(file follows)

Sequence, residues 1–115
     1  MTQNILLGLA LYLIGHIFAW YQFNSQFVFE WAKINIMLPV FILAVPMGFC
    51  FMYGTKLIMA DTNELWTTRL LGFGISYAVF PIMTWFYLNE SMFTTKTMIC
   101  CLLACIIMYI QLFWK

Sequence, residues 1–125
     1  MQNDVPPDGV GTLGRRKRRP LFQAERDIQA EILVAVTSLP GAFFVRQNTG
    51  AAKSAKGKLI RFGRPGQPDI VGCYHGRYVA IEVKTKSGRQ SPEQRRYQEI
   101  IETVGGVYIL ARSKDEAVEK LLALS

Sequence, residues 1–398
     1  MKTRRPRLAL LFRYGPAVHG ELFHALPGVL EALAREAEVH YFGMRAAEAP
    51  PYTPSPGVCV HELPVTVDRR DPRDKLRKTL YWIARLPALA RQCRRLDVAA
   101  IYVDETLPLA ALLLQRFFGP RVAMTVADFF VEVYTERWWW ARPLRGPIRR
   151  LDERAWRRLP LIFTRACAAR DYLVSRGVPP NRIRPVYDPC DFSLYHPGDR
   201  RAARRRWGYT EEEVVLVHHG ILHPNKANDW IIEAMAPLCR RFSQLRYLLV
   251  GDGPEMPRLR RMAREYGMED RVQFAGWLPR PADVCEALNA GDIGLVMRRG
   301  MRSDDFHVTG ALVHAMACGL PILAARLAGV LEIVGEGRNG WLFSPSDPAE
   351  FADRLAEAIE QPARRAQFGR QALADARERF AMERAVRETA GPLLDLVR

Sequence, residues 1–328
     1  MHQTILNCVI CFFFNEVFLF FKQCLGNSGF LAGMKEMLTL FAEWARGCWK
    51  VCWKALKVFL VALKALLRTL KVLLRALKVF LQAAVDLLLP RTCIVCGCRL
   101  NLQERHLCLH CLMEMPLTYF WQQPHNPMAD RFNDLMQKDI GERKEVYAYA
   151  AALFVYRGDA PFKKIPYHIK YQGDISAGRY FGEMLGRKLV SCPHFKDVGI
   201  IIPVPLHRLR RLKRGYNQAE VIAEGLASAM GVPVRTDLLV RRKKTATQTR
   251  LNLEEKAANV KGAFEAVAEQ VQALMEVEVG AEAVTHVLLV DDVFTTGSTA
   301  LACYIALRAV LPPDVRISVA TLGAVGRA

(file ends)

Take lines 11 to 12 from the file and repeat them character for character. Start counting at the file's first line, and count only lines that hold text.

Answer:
    51  PYTPSPGVCV HELPVTVDRR DPRDKLRKTL YWIARLPALA RQCRRLDVAA
   101  IYVDETLPLA ALLLQRFFGP RVAMTVADFF VEVYTERWWW ARPLRGPIRR